**;**

*Frahm and Shepelyansky (2016)***;**

*Frahm et al. (2016)***.**

*Lages et al. (2018)*After obtaining the matrix *G*_{R} and its components we can analyze the PageRank sensitivity in respect to specific links between *n _{r}* nodes. To measure the sensitivity of a country

*c*to a disease

*d*we change the matrix element

*G*

_{R}(

*d*→

*c*) by a factor (1 +

*δ*) with

*δ*≪ 1, we renormalize to unity the sum of the column elements associated with disease

*d*, and we compute the logarithmic derivative of PageRank probability

*P (c*) associated to country

*c*:

*D*(

*d*→

*c, c*) =

*d*ln

*P (c*)/

*dδ*(diagonal sensitivity). It is also possible to consider the nondiagonal (or indirect) sensitivity

*D*(

*d*→

*c, c*’) =

*d*ln

*P (c*’)/

*dδ*when the variation is done for the link from

*d*to

*c*and the derivative of PageRank probability is computed for another country

*c*’. This approach was already used in

**showing its efficiency.**

*El Zant et al. (2018a,b)*## Results

### Network of direct links

For the reduced Google matrix analysis we have *n _{r}* = 425 selected nodes of countries (195) and infectious diseases (230). The diseases are attributed to 7 groups corresponding to the standard disease types as it is given in Tab. 1, Tab. 2. These

*n*nodes constitute a subnetwork embedded in the huge global English Wikipedia network with more than 5 million nodes. This subnetwork is shown in Fig. 1 which has been generated with Cytoscape software (

_{r}**). In Fig. 1 black arrow links represent the nonzero elements of adjacency matrix between the selected**

*Shannon et al., 2003**n*nodes. The image of this adjacency matrix is shown in Fig. 2 where white pixels depicted a link between two nodes. In this picture, nodes are ordered with respect to the PageRank order in each subgroup: American countries, European countries, Asian countries, African countries, Oceanian countries, bacterial diseases, viral disease, parasitic diseases, fungal diseases, multiple origins diseases, prionic diseases and other kind of disease origins. There are visibly more links inside subgroups but links between groups are also significant. Fig. 1 gives us the global view of network of direct links, shown in Fig. 2, corresponding to the component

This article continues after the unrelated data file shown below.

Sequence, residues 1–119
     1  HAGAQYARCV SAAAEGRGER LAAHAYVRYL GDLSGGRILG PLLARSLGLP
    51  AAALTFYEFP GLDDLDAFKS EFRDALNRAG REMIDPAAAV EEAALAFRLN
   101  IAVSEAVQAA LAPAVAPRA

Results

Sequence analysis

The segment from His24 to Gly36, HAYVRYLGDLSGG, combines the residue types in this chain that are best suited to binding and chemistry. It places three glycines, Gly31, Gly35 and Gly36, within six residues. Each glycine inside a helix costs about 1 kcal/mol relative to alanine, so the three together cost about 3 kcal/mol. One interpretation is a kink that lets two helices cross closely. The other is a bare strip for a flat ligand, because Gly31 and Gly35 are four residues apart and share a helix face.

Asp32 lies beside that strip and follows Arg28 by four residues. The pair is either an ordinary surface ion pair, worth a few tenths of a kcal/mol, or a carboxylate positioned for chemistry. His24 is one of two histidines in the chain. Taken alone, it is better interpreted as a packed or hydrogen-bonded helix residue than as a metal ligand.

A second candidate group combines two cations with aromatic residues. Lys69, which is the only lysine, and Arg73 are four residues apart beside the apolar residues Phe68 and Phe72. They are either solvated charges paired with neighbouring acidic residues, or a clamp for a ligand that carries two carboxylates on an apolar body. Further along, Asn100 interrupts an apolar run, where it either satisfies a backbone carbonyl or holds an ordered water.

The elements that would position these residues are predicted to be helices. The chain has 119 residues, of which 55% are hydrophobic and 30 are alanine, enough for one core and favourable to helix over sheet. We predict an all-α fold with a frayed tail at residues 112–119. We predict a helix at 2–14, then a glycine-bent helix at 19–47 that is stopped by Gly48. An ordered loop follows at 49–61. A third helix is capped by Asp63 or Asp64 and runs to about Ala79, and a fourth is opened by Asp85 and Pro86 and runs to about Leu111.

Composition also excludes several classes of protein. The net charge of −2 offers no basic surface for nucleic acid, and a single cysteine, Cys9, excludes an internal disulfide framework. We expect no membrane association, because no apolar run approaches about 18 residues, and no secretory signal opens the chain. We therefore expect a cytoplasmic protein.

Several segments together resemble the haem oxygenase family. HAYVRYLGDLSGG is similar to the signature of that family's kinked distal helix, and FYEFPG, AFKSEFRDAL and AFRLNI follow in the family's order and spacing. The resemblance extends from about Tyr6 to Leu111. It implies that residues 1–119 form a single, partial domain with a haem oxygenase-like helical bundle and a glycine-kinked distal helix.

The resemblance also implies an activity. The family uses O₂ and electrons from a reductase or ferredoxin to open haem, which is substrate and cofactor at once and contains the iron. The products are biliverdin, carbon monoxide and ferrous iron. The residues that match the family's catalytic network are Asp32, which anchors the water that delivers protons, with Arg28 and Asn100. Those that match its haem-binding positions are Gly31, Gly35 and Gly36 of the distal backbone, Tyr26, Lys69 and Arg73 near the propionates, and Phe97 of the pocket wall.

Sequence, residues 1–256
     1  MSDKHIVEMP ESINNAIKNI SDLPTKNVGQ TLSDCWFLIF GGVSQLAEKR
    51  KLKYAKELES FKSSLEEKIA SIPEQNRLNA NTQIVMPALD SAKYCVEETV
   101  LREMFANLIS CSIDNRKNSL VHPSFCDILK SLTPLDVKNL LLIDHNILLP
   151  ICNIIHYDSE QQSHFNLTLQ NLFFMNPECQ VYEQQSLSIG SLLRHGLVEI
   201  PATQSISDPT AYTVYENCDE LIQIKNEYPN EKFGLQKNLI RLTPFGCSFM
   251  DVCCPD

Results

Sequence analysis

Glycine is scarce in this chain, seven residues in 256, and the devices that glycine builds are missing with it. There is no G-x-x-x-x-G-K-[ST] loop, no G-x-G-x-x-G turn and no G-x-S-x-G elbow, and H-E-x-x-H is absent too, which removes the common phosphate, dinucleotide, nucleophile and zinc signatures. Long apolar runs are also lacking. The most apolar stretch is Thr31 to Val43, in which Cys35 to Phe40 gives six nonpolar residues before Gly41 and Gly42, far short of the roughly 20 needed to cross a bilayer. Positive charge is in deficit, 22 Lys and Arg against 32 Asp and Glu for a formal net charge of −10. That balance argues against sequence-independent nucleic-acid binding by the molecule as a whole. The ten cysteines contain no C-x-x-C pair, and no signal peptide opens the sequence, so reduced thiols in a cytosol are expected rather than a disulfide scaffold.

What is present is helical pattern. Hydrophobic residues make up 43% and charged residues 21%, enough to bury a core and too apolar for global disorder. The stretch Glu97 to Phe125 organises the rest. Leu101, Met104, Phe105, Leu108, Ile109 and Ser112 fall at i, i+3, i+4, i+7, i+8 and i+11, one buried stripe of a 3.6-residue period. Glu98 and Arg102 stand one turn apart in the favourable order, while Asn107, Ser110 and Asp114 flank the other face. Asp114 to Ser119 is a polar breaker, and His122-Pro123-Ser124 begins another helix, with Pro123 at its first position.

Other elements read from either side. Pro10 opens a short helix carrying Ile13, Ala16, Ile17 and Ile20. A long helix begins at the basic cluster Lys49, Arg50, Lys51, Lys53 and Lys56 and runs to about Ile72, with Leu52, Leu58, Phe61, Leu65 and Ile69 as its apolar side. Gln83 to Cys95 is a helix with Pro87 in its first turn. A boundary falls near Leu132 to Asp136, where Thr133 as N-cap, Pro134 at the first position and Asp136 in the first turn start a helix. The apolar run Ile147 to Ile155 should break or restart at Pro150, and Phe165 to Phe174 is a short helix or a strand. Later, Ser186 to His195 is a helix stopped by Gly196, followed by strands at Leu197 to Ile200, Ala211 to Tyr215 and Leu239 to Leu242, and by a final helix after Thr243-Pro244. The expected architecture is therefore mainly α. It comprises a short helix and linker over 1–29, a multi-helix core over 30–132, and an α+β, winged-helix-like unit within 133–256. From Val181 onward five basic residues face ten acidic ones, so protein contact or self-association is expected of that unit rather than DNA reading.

_{r}*G*

_{rr}of the reduced Google matrix. We see that countries are located in the central part of the network of Fig. 1 since they have many ingoing links. While it is useful to have such a global view it is clear that it does not take into account the indirect links appearing between

*n*nodes due to pathways via the complementary network part with a huge number of nodes

_{r}*N*–

*n*≃

_{r}*N*. The indirect links emerging between

*n*from this indirect pathways are analyzed in the frame of REGOMAX method below.

_{r}### PageRank and CheiRank of the reduced network nodes

At first we compute the PageRank and CheiRank probabilities for the global network with *N* nodes attributing to each node PageRank and CheiRank indexes * K* and

**K**^{∗}. For selected

*n*nodes the results of PageRank are shown in Tab. 2. As usual (see

**), the countries are taking the top PageRank positions with US, France, Germany, etc at**

*Zhirov et al. (2010)*;*Ermann et al. (2015)**= 1, 2, 3, etc as shown in Tab. 3. In the list of*

**K***n*nodes the infectious diseases start to appear from

_{r}*= 106 with Tuberculosis (Tab. 2). If we consider only infectious diseases ordered by their disease PageRank index*

**K***then we obtain at the top Tuberculosis, HIV/AIDS, Malaria, Pneumonia, Smallpox at first positions with*

**K**_{d}*= 1, 2, 3, 4, 5 (see Tab. 2). It is clear that PageRank order gives at the top positions severe infectious diseases which are (were for Smallpox) very broadly spread worldwide.*

**K**_{d}In Fig. 3 we show the location of selected *n _{r}* nodes on the global (

*K, K*^{∗}) plane of density of Wikipedia articles (see details of this representation in

**;**

*Zhirov et al. (2010)***). Here the positions of countries are shown by white circles and diseases by color circles. The countries are taking the top positions since they have many ingoing links from variety of other articles. The infectious diseases are located on higher values of**

*Ermann et al. (2015)*

*K, K*^{∗}even if some diseases are overlapping with the end list of countries (see Tab. 2).

All *n _{r}* = 425 selected articles can be ordered by their local PageRank and CheiRank indexes

*and*

**K**_{r}

**K**_{r}^{∗}which range from 1 to

*n*= 425. Their distribution in the local PageRank-CheiRank plane is shown in Fig. 4. As discussed previously, countries are at the top

_{r}

**K**_{r},**K**_{r}^{∗}positions. The names of top PageRank diseases are marked on the figure. The most communicative articles of infectious diseases are those with top

**K**_{r}^{∗}positions. Thus the top CheiRank disease is Burkholderia due to many outgoing links present in this article. The next ones are Malaria and HIV/AIDS.